Medical Timeout Worthy of Quick Adoption
Being unprepared when a significant injury or sudden illness takes place at an athletic contest is a “nightmare scenario” that can and should be avoided.
That makes the “game-day medical timeout” an important concept, to be implemented as soon as possible.
The medical timeout is a meeting, half an hour before an athletic event, among athletic trainers from the teams involved, emergency medical service (EMS) personnel, team physicians if available, a couple of assistant coaches, law enforcement and a school administrator.
The purpose is to assess what equipment and procedures are available for use in the event of a medical emergency and to go over plans for dealing with first-level treatment of the more common injuries or illnesses.
The group would talk about such things as where is the nearest hospital, and how is the best way to get there.
They would find out who has keys to open gates and building entrances to get access to necessary materials — or to get an ambulance onto an outdoor playing field.
They would go over hand signals, or cellphone numbers, to be used if the first responder needs to communicate with other members of the group.
They would know, among other things, how they would respond efficiently if a fan had a heart attack in the stands.
They would see the defibrillators, catheters and other life-saving equipment laid out in front of the ambulance before they were needed.
The concept received positive response last weekend during the first Sports Medicine Conference to be held in southern West Virginia. The conference, attended by approximately 95 people, is conducted annually by the West Virginia Athletic Trainers’ Association.
This year’s meeting took place at Concord University. Its lead team physician, Dr. Jim Kyle, advised the group that the medical timeout is about to be tried out at varsity football games.
“In southern West Virginia, we’re going to test that out next year,” he said Saturday.
He and Dr. Joe Beckett, professor and director of Concord’s Athletic Training Education Program, should be commended for their work in getting this proposal up and running.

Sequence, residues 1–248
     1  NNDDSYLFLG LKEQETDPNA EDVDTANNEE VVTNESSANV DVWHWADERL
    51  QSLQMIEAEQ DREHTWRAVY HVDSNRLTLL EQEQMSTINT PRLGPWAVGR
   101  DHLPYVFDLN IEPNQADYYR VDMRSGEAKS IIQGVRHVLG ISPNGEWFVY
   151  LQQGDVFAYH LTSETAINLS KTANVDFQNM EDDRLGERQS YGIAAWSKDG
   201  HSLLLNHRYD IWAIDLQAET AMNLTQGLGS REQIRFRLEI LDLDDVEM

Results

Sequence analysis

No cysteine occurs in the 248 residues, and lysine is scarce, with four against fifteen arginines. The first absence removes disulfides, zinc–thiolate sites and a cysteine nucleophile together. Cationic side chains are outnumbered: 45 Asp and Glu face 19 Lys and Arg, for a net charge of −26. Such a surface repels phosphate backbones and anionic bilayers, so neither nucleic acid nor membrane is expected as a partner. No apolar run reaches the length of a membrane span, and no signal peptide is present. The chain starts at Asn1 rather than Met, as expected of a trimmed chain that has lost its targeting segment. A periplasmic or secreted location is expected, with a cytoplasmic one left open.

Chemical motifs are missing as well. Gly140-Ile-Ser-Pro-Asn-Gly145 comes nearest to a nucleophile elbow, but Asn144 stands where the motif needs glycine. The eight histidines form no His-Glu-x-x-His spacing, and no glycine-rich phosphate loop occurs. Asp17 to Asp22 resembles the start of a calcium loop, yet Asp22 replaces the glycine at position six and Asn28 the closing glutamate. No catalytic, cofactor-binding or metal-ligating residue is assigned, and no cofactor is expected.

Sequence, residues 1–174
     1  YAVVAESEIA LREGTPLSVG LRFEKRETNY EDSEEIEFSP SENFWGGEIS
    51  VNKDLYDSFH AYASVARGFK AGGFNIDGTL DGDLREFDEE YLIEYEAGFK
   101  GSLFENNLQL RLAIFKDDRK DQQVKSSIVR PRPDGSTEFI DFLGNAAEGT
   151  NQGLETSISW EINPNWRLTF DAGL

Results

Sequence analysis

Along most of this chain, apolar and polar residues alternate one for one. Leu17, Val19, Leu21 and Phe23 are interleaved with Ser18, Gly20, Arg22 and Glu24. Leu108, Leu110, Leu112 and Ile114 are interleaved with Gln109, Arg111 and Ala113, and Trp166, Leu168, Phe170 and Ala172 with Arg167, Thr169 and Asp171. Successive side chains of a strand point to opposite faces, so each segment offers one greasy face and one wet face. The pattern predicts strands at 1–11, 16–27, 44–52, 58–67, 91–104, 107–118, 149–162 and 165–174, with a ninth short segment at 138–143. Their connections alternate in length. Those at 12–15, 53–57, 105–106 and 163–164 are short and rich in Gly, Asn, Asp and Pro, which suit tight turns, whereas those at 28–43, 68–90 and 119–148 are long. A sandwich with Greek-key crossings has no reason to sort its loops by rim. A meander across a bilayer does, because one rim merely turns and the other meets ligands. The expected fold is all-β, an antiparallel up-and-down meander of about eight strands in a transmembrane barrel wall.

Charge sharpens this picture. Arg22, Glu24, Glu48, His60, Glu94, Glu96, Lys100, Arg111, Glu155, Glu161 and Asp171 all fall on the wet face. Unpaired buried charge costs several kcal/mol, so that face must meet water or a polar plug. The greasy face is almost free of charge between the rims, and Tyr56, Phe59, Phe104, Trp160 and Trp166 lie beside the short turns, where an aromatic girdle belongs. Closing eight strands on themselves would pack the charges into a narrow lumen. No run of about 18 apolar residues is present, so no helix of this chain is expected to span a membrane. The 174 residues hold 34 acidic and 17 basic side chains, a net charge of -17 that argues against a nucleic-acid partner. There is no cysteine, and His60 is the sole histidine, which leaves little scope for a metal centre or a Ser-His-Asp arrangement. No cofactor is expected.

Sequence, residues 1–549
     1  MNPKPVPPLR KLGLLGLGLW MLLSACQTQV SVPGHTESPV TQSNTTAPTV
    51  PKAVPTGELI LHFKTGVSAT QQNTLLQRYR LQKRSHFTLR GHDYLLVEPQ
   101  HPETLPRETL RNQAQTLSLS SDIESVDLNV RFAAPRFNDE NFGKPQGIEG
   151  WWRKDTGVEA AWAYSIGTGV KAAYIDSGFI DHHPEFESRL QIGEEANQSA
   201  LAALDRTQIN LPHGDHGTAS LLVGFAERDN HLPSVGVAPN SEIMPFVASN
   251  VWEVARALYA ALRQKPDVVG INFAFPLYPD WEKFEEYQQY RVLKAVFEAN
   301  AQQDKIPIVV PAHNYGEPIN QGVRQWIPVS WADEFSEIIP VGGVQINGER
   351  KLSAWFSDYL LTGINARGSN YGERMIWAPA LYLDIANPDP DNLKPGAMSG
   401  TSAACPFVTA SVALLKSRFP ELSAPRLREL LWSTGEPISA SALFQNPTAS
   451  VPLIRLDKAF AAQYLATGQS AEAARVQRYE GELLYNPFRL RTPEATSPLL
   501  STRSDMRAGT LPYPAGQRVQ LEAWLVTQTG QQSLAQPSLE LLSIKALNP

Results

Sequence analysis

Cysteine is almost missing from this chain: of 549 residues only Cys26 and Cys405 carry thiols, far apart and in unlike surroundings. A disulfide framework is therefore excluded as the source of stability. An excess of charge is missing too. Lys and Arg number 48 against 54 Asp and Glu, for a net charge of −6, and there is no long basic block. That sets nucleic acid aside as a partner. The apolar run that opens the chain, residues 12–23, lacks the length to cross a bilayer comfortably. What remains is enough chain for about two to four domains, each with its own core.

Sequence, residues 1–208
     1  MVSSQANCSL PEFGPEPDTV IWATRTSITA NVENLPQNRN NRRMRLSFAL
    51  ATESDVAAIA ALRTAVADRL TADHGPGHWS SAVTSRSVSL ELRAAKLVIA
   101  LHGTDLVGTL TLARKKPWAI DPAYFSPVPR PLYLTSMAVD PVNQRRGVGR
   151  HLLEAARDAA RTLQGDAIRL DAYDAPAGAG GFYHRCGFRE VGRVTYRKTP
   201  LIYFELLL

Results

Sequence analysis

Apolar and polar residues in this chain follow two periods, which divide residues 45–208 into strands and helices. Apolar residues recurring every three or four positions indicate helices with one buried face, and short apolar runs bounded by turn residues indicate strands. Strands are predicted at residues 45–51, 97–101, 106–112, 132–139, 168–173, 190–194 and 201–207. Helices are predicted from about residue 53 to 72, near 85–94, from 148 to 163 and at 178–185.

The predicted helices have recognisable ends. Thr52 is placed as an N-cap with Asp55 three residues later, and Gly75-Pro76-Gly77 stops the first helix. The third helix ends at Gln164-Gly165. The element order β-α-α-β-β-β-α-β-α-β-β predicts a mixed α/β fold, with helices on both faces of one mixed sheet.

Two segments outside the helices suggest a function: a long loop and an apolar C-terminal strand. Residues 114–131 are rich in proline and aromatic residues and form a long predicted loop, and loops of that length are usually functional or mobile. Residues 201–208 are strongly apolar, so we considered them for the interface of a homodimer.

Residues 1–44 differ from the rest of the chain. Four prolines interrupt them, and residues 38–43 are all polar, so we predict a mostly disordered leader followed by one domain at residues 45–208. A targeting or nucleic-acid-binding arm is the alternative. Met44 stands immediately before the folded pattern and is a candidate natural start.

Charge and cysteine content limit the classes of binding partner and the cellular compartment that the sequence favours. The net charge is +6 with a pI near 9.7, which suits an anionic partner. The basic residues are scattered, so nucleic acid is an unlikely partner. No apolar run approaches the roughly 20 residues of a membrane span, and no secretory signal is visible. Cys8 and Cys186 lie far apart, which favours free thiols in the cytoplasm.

But in some sports, it is sad to say, the medical timeout could be a short and sparsely-attended meeting.
There are holes lurking under the surface of the proposal, no matter how sincere its inventors are. It’s beyond their control. It has to do with money.
Athletic trainers are mandated to be on hand for certain high school varsity contests — especially football — in West Virginia. That appears not to be the case for all sports.
Staffing all sporting events with athletic trainers and doctors during an academic year, including junior varsity and middle school levels, would undoubtedly be an expensive proposition in a day when many sports do not take in enough gate receipts to pay for officials.
Some schools don’t have an ambulance on hand. There were reports during the conference that some counties have one ambulance to deploy, and two or more high schools at which games might be held simultaneously.
Having a physician on the sidelines is a plus, of course, but not all communities have a doctor willing to donate his or her time. And unless the doctor is a general practitioner, there might be a gap in his or her expertise to assess a sports injury.
As one participant at the conference said on Saturday, “You don’t want a podiatrist running a cardiac arrest (intervention).”
If I had the magic answer for how to fund adequate medical coverage at all sporting events, I’d already have shared it with anyone who would listen.
But rather than wait for such magic, it is vitally important to commit to the pledge that all steps possible be taken to ensure that an injured or ill athlete is treated adequately, quickly and professionally, from the minute the whistle blows to stop play.
The game-day medical timeout is one of those important steps.
I hope it will not require years of debate, and the convening of a couple of study committees, before our state governing bodies mandate this, for the athletes’ sake.
The question I had last weekend, but did not get a chance to ask, was, “Why has it taken so long?”
This column, which first appeared in the Blue Ridge (W.Va.) Daily Telegraph, is reprinted here with written permission of the newspaper’s editor. Tom Bone is a Daily Telegraph sports writer and cartoonist and can be reached at email@example.com.